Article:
without stopping to 'observe'.Let us ask what we want? Is it not happiness — though a few seek bliss? Butunfortunately pleasure is mistaken for happiness, which means that certainvibrations in the sense organs lasting only a few minutes, are sought after. Aspleasure lasts only 2 Wake Up India .Editoriala short while, the struggle becomes more intense and even aggressive. One goes onto grab, whether it be material objects, power, position, status, name or fame.One fails to think what one will do with that which has been acquired by a long,bitter, unhappy struggle. Or how long will it last? Newspaper reports are full ofstories of vast properties unaccounted for, bank lockers are full of jewellery andcrores of cash, which none can use or even glimpse. Much of this is accumulated bycheating and depriving others of their lawful due. Lust begets hate. Such peopleare in the limelight, others try to follow in their footsteps.Fortunately, a large number of people do not indulge in such deeds and there arecertainly persons with strict morals and high principles. Such people spread themessage of the unifying power of love — perhaps not universal love — which drawsall closer, like the gravitational field. Such people, though not in the news,need the support and encouragement of all who really want peace, harmony andhappiness.Are there guidelines or principles explored in simple language for the common manto consider? All the great teachers have given such guidelines according to theneeds and understanding of those who come to listen and learn. In India the mostwidely known are the Five Precepts, the Pancasila of the Buddha and the FiveYamas, vows of self-restraint, enunciated in a slightly different form byPatanjali. They both begin with Ahimsa which does not mean merely not killing,which is undoubtedly much needed at the present time, but abstaining frominflicting any injury, suffering or pain on any living creature by thought, wordor deed. Such an attitude cannot be imposed by a rule of conduct but arises fromlove, from a glimpse of the essential unity of all.In the words of Dr I. K. Taimni, 'Hatred, dishonesty, deception, sensuality, andpossessiveness are some of the common and ingrained vices of the human race, whichhave surfaced in this Dark Age, Kali Yuga.' We need to be aware of these inourselves,then proceed to make others aware. Such action is essential for all who call forIndia towake up. •This is not the place to expound the precepts in detail. It is obvious that wemust not take property, money or goods not belonging to us and also abstain fromappropriating intangible things, such as credit or privileges which are not ourrightful due. Colonel H. S. Olcott's life is a noble example of this, for he tookno credit for anything he did, let alone for what he did not do.The precepts do not speak of giving up all pleasurable experiences such as eatingtasty food or listening to music, but what needs to be avoided, is the craving forthe repetition of pleasurable sensations which causes the mind to rush after themwith resultant ill effects.One needs to develop an attitude of non-possessiveness. It is not the quantity ofthings with which one is surrounded but the attitude towards them which matters.TJiere are many examples. April - June 2002 Editorial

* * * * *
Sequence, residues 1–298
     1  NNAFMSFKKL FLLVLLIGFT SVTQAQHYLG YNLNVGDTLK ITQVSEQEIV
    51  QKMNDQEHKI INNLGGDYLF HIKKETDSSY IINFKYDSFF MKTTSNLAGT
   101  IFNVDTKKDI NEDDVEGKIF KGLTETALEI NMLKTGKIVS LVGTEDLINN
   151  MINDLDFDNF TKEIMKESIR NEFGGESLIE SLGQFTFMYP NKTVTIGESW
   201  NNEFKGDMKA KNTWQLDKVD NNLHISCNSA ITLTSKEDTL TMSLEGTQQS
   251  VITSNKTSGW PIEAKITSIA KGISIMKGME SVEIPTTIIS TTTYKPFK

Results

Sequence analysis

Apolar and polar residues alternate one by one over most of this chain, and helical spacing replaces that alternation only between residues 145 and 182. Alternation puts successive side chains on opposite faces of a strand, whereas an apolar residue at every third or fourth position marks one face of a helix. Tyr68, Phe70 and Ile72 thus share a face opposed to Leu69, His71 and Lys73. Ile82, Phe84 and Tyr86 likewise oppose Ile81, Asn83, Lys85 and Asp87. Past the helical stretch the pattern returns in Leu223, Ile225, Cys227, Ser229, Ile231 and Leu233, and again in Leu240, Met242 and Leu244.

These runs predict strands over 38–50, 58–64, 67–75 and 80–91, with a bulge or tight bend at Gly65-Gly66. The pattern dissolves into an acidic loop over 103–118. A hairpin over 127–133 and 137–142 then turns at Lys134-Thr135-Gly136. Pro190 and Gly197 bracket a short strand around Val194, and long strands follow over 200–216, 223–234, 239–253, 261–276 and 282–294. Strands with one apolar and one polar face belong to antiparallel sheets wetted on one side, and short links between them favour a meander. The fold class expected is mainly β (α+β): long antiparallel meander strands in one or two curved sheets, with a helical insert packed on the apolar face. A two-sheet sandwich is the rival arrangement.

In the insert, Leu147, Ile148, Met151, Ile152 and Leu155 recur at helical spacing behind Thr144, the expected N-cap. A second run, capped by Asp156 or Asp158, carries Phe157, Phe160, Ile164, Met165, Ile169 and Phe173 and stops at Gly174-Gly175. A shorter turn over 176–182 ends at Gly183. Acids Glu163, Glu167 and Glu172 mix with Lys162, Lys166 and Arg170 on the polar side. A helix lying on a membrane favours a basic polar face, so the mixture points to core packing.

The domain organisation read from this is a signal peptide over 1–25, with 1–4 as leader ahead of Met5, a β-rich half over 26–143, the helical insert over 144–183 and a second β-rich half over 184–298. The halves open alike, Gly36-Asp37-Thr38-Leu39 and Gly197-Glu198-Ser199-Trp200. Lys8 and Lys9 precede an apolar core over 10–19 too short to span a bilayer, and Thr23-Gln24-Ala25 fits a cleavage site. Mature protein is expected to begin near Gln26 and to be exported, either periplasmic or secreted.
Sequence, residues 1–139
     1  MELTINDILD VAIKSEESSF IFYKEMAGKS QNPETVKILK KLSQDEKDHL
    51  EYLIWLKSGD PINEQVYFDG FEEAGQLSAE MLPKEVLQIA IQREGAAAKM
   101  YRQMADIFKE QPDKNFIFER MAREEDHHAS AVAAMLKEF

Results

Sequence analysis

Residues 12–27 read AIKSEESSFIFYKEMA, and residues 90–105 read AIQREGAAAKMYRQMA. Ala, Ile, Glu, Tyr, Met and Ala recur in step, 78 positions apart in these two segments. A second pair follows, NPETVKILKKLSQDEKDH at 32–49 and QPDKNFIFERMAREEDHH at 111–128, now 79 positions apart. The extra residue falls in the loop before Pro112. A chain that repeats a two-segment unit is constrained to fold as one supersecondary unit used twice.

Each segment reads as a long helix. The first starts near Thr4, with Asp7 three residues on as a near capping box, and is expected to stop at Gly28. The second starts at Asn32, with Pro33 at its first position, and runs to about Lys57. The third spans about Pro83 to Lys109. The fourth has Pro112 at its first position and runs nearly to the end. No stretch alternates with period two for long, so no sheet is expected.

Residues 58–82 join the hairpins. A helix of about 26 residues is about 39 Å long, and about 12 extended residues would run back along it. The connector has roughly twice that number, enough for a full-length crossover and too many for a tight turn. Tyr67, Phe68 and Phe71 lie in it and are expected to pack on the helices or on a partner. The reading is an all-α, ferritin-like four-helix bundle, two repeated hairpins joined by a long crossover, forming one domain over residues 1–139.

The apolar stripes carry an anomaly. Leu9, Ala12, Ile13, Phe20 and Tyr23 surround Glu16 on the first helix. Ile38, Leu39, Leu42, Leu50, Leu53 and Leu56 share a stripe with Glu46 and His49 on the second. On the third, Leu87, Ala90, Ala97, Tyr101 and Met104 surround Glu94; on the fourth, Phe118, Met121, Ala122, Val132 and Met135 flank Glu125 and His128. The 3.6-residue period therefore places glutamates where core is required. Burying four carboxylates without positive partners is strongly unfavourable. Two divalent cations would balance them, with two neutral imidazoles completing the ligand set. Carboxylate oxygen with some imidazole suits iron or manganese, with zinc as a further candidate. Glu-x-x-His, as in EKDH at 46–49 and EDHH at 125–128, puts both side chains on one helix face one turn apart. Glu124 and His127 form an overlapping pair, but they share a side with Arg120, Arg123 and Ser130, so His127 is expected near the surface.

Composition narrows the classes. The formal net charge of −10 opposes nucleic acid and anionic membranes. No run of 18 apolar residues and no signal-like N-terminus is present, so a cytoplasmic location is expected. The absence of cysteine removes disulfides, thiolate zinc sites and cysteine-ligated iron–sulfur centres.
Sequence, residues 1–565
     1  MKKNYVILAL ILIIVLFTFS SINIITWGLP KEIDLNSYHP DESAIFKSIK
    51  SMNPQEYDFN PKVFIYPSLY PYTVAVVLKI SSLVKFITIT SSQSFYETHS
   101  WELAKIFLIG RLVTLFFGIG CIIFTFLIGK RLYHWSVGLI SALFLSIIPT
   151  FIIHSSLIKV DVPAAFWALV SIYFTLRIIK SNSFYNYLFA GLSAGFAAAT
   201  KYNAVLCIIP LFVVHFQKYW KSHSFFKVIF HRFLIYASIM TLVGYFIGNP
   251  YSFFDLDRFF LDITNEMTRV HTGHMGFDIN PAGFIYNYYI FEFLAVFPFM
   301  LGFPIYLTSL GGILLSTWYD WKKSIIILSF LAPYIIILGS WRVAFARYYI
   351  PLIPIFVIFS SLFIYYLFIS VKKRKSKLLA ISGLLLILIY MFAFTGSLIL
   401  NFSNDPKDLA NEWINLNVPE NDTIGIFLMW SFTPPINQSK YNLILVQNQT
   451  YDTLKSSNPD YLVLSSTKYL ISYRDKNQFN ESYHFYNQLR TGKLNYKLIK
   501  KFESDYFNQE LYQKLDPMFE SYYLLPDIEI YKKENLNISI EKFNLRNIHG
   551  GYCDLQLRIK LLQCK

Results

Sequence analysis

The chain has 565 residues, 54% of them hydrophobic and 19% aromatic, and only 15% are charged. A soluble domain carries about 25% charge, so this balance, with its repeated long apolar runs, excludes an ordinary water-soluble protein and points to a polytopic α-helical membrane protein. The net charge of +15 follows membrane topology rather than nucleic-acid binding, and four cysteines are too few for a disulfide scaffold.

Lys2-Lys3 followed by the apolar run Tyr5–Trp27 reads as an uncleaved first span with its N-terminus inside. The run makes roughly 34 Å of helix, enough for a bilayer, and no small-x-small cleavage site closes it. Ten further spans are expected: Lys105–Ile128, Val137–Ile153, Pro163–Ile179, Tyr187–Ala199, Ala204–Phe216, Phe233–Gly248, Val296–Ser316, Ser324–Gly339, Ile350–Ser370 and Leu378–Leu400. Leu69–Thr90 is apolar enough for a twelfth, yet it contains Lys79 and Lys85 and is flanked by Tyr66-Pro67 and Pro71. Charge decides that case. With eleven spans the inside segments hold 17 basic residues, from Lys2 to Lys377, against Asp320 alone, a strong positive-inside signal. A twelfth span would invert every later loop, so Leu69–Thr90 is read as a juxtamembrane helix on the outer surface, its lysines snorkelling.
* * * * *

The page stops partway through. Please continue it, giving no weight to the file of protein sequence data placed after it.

Without dwelling on the philosophical aspects, everyday observation of the worldreveals the impermanence of all that exists. Those in power rise and fall as doriches and a superfluity of useless things — such as a hundred pairs of shoes.Such accumulation involves a struggle to acquire and anxiety to keep them, not tospeak of psychological factors like competition and envy which deprive one ofhappiness, may be requiring tranquillizers and sleeping pills. Should not allthinking persons spend a few minutes a day renouncing non-necessities? If somestart the day with such an attitude and practise it gradually and selflessly, themessage will spread fast and there will be a marked reduction in evil, such asviolence, terrorism, corruption, hatred and competitiveness.A story about the last moments of Alexander the Great brings home the fate ofaccumulations obtained by a great struggle. When he was lying on his deathbed,tens of thousands of Greeks gathered round the palace, weeping, lamenting andcrying: 'Who will now protect us?' Alexander summoned his trusty generals and,praising their obedience to his commands even at the risk of their lives, asked ifthey would fulfil his last wish. They nodded, but began to tremble, wondering whatambitious assignment Alexander had for them on his deathbed. Alexander said thatwhen his funeral procession was taken out, his hands should be kept out of theshroud for the people to see his palms. The generals were astonished and said,'Sire, this is not done, the people will blame us for negligence'. Alexandersmiled for the last time and replied,' I want people to see that this greatest ofconquerors is taking nothing with him.' This teaches us a great lesson.A poet puts it thus: He asks a new-born baby, 'You come straight from God. Whatmessage do you hold in your closed fists?' The baby closes his eyes and lips aspeace and happiness radiate from his face. O When a smorgasbord of information andentertainment lies at the touch of a finger, how long can we concentrate on anyone train of thought? Can we allow ourselves the time to reflect, or resolve anemotional conflict? Both the speed of the internet, and the wealth of informationit offers, militate against certain thought processes. We become good at multi-tasking and skim-reading, but less good at the kind of reflection andcontemplation which is essential for true originality and emotional wisdom.Madeleine Bunting The GuardianTrial of Political Bosses DAVID ANNOUSSAMYA Minister made a startling statement one day in public: 'However I try, it isimpossible for me to avoid corruption, I am driven to it from all sides.' This isan indication of the level the cancer has reached. Whether it is suffered orgreedily desired corruption, it has to be curbed effectively if the nation is toprogress. Soon after assumption of office the new Prime Minister declared such atask to be one of his main priorities. Suggestions have to be made to him from allsides to combat this complex social evil.Some time ago, a brake was put, even preliminary to the prosecution itself, withthe investigation machinery being kept under the control of the Executive. In thisway, political bosses had created for themselves a haven of impunity. A PrimeMinister could even say challengingly, 'Let the law take its own course.'The response to the problem from the political fold has been to float a bill .onLokpal. The idea has been in the air since 1964, but the institution never saw thelight of day even though government after government has given assurances on thematter. Even assuming that the Act comes into existence, and the Lokpal is givenvast powers of investigation, that will solve only the problem of the initiationof prosecution. This has been already taken care of to a large extent by the